Safety concerns aside, camgirl sites are legal. In the U.S., no federal law prohibits minors from posting photographs of themselves online or exchanging gifts with strangers. Rather, the law only protects children from sexual abuse or exploitation.

But what about child pornography and obscenity laws? Those laws don't apply because most camgirl site photographs don't show nudity or sexual activity by a minor - basic prerequisites for prosecuting child pornography, obscenity, or indecency cases. Instead, teens pose in swimsuits, leotards, and sleepwear intended to be erotic, but not pornographic. The goal is to show just enough skin to arouse admirers, but not so much that it would be considered sexually explicit.

In recent years, the U.S. Supreme Court has heard several challenges to federal laws intended to protect minors from harmful online content, and struck down a number of them for constitutional violations. Two major casualties are worth citing. One was the 2002 decision in Ashcroft v. Free Speech Coalition, in which the Court struck down vague portions of the Child Pornography Prevention Act outlawing virtual child pornography. The other was the 1997 decision in Reno v. ACLU, in which the Court rejected the overreaching provisions of the Communications Decency Act.

The lesson learned: when it comes to the Internet, new laws are not always the best approach.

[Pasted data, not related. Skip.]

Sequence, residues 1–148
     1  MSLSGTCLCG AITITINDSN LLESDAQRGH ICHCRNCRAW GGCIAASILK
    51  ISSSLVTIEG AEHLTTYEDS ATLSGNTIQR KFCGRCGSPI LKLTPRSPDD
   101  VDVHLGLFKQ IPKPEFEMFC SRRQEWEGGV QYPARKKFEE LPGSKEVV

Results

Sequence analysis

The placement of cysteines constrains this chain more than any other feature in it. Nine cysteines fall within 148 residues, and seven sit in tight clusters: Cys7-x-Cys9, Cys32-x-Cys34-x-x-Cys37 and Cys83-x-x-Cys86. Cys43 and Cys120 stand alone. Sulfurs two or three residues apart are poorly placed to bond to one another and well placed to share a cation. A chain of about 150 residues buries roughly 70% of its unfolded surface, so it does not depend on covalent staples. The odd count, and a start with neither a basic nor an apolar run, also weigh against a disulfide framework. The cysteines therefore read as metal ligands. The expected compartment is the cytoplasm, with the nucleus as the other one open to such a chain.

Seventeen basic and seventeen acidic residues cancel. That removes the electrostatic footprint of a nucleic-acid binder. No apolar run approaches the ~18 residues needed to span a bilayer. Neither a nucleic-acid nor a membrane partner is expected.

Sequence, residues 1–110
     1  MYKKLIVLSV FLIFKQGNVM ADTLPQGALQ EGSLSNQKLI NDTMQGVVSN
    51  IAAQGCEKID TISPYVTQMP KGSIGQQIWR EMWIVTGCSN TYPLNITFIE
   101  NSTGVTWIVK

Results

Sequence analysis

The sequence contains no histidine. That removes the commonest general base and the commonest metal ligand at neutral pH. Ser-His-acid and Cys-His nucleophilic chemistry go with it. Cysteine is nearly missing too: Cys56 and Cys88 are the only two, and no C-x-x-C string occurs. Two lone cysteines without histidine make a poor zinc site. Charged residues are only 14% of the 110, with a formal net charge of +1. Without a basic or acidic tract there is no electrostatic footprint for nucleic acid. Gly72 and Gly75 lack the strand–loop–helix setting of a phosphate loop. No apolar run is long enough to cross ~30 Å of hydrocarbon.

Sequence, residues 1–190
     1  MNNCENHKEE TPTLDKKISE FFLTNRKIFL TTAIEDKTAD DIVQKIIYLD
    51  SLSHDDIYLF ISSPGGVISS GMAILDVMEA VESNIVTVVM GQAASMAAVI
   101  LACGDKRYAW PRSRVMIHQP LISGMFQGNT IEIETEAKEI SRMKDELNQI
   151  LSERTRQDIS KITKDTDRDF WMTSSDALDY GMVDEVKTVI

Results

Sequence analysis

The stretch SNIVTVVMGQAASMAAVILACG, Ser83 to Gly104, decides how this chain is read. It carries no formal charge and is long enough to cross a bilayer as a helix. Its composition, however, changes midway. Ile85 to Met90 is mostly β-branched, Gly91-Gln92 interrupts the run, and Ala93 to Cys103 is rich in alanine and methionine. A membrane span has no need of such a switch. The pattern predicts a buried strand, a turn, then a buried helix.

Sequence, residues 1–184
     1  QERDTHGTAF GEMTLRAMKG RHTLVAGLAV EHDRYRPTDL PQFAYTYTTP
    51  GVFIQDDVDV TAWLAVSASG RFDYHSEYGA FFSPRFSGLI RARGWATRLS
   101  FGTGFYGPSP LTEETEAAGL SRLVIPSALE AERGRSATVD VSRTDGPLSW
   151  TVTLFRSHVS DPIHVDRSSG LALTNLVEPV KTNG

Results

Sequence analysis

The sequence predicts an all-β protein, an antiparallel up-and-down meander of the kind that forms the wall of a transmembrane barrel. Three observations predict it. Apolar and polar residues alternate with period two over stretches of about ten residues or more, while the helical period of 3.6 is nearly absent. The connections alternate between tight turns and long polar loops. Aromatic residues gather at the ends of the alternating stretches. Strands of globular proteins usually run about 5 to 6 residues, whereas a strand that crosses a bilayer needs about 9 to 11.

Creating a Safer Virtual Environment for Kids

Instead, we must first think more generally and systematically about how to make the Internet safer for kids - and how to do so without violating First Amendment protections. We should also rethink online safety in a way that suits the Internet's global presence.

To give one example of a viable plan, earlier this month, officials in the UK launched a massive Internet safety campaign to educate users about online dangers. The program aims to remind parents and teens that they must surf with caution, and avoid risky interaction with strangers. A U.S. counterpart to this campaign would be a very good idea.

Right now, responsibility for Internet safety in the U.S. remains scattered among federal, state, and local agencies. The measures taken so far have mostly targeted fraud, hacking, and other law enforcement concerns.

As a result, online child safety is generally addressed after-the-fact when a perpetrator must be prosecuted. That needs to change. Authorities should be equipped to take more proactive measures to prevent the harm that too often accompanies promiscuous online activities by minors.

Inexplicably, although the U.S. is a leader in Internet technology, other countries have already gone farther than we have when it comes to promoting online safety. Countries like New Zealand have effectively advanced forward-thinking strategies by creating independent Internet safety boards to develop nationwide initiatives. These government-sponsored programs publish online safety materials for schools, foster international law enforcement alliances, fund online risk research, and give users a centralized Internet authority for uniform guidance.

We in the U.S. should do at least as much - if not more - along these lines. Before our kids can truly be free in cyberspace, they must first be safe.

Harry A. Valetk is an attorney with the U.S. Department of Justice in New York City. He has written extensively on identity theft, online child safety, privacy protections, spam scams, and cyberstalking laws. The opinions expressed in this article are the author's, not those of the U.S. Government. Mr. Valetk may be reached by email at